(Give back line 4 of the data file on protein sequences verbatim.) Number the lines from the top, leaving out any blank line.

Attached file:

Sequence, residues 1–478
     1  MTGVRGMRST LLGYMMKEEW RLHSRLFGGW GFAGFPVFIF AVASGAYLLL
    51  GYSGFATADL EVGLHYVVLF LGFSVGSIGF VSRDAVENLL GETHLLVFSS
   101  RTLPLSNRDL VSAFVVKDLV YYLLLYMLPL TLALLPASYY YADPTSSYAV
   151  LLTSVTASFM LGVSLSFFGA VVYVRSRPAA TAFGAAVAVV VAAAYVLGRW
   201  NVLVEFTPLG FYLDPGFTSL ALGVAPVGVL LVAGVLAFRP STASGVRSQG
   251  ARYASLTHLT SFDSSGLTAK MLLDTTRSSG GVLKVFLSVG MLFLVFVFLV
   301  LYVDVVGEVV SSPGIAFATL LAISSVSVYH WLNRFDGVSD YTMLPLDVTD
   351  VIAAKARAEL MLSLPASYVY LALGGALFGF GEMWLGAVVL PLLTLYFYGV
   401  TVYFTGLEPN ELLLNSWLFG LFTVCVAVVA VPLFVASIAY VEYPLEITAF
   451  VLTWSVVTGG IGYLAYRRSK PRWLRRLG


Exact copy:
   101  RTLPLSNRDL VSAFVVKDLV YYLLLYMLPL TLALLPASYY YADPTSSYAV